– user120647
    Commented Sep 19, 2018 at 6:45

Not that bad, but the 'i' is kind of lost in there, you could:

  • Try using a bolder font for the 'iCreate' part and shift this to the right a bit, no need to squeeze the 'i' inside the icon
  • Try making the icon filled, not outlined
  • Try adding some color

And another critique: why does a school lab need a logo? :) Can't you just say 'CreateLAB' on the door in a nice font, maybe fill the typo with some gradients or something and that's that.

  • Why do companies need logos? Can't they just write "Apple" in a nice font on their product's? >:-)
    – J.E
    Commented Sep 17, 2018 at 7:09
  • 2
    Well first, companies SELL things and they need marketing to achieve that, while a school lab is just a room with students inside, sometimes. Then, many companies DO actually just use typo-based fonts. The question is valid, why need a logo for a school lab? What is the lab selling? Is it a private lab where people pay money to attend? Then the money probably goes to the school, not the lab. Does this school have a logo and marketing?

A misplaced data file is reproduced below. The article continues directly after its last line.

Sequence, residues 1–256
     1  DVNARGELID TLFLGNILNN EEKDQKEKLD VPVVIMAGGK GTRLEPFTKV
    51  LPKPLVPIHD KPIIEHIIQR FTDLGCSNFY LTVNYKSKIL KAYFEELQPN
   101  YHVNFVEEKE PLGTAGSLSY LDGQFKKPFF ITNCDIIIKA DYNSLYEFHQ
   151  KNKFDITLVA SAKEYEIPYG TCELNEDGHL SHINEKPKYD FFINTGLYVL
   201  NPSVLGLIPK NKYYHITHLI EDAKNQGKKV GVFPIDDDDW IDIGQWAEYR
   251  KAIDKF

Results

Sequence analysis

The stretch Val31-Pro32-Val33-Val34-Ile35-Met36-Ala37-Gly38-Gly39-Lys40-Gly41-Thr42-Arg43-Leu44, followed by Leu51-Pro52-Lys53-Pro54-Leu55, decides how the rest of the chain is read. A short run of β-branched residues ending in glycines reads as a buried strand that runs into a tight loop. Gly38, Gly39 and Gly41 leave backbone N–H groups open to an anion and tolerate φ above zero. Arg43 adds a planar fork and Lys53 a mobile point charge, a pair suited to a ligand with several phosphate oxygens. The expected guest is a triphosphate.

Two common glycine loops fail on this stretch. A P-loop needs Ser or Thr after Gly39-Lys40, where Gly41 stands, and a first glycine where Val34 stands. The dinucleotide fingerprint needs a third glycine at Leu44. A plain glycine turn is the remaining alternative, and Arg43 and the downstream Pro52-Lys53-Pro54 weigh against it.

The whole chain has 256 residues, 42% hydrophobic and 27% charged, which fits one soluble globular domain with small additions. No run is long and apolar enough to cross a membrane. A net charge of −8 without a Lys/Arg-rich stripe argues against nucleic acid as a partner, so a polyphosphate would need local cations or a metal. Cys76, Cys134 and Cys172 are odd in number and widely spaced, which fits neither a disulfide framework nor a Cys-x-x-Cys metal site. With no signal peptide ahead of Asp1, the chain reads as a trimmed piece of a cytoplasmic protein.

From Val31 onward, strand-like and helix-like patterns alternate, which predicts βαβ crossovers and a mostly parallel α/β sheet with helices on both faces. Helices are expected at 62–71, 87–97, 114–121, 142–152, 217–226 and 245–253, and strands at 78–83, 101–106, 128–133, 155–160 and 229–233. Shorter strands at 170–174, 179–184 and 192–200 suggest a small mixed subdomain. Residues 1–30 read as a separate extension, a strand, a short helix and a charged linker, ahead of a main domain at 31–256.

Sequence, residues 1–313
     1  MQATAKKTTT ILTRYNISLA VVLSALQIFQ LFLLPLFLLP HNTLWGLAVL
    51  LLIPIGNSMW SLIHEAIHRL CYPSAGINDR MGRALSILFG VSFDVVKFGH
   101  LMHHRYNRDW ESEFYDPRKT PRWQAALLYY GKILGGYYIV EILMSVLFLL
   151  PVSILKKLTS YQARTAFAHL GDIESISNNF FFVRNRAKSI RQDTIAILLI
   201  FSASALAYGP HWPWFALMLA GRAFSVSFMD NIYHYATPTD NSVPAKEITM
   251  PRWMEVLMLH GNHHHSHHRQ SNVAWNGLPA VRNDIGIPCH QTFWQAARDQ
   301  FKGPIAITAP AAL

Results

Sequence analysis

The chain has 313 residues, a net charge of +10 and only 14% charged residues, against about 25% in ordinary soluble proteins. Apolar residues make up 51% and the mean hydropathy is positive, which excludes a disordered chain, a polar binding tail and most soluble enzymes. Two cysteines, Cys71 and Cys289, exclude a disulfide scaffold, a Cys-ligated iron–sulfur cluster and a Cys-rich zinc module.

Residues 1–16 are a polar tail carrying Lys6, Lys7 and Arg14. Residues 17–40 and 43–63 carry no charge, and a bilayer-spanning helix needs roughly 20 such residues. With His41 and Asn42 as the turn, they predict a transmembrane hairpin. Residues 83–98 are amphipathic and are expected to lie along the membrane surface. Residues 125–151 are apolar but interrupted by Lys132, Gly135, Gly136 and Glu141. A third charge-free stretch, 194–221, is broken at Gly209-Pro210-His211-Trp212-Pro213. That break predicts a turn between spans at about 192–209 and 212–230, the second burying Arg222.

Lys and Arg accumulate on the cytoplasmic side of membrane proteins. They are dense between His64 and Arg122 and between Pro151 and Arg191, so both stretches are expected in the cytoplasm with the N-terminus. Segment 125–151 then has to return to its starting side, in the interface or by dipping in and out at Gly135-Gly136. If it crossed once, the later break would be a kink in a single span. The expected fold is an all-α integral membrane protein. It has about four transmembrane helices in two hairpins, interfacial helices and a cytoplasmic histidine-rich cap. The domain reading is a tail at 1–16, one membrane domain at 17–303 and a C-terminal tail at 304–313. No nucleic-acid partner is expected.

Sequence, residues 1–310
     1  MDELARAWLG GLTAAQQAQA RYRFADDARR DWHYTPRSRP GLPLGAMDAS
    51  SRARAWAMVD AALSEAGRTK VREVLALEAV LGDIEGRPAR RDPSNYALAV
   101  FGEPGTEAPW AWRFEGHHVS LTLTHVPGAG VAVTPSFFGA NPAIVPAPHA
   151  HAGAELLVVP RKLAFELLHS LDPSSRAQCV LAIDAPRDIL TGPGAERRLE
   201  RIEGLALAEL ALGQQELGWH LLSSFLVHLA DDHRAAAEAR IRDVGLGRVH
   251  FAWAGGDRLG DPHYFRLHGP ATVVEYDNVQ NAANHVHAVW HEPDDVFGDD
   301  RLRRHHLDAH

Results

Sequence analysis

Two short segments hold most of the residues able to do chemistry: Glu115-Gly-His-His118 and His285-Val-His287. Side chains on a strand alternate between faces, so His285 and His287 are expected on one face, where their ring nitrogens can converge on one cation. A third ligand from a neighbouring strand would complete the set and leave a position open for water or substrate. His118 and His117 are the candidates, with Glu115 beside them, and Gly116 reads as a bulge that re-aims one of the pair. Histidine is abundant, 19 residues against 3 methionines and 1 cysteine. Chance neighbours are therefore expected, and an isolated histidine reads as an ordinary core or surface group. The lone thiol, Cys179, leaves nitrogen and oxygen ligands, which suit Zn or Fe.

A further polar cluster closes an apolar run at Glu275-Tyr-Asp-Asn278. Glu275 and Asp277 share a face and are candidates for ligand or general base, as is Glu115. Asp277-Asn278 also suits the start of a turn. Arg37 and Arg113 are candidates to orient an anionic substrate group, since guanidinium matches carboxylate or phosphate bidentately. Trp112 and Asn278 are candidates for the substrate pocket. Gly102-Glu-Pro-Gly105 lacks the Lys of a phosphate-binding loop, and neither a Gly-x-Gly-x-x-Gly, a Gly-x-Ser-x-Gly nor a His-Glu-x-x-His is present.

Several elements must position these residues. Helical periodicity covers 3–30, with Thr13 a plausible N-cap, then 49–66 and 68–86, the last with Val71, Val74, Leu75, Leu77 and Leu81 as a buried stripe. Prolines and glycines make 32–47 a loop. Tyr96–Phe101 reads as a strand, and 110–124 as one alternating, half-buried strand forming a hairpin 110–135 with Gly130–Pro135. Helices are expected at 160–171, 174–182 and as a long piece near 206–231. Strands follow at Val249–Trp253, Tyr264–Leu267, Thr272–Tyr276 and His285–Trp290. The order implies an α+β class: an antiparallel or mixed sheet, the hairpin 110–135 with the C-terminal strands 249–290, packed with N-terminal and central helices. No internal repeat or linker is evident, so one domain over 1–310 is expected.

– Lucian
    Commented Sep 17, 2018 at 7:15
  • Side point – If you use a type-based logo, then that's still your logo (and that's partially the case here as well). And logos are used for so much more then just to sell stuff. You use them for general awareness of you and what you offer, to make your thing stand out and look more attractive, to associate a certain level of professionalism with it. Last but not least – to make it look nice. Non-profits use logos, govermental programmes use logos, free, open source projects use logos, scout troops use logos. They don't have it to make more money through selling stuff.
    – J.E
    Commented Sep 17, 2018 at 7:27
  • Ok maybe you're right, in some parts of the world people can be preocupied with a school lab logo just for fun, so ok why not !! :) Where i live this would be unusual as things get appreciated for their practical value, but we probably don't have enough context to comment on this particular situation. Non profits don't make money, but need to attact funds to operate. Which is called MARKETING.
    – Lucian
    Commented Sep 17, 2018 at 7:29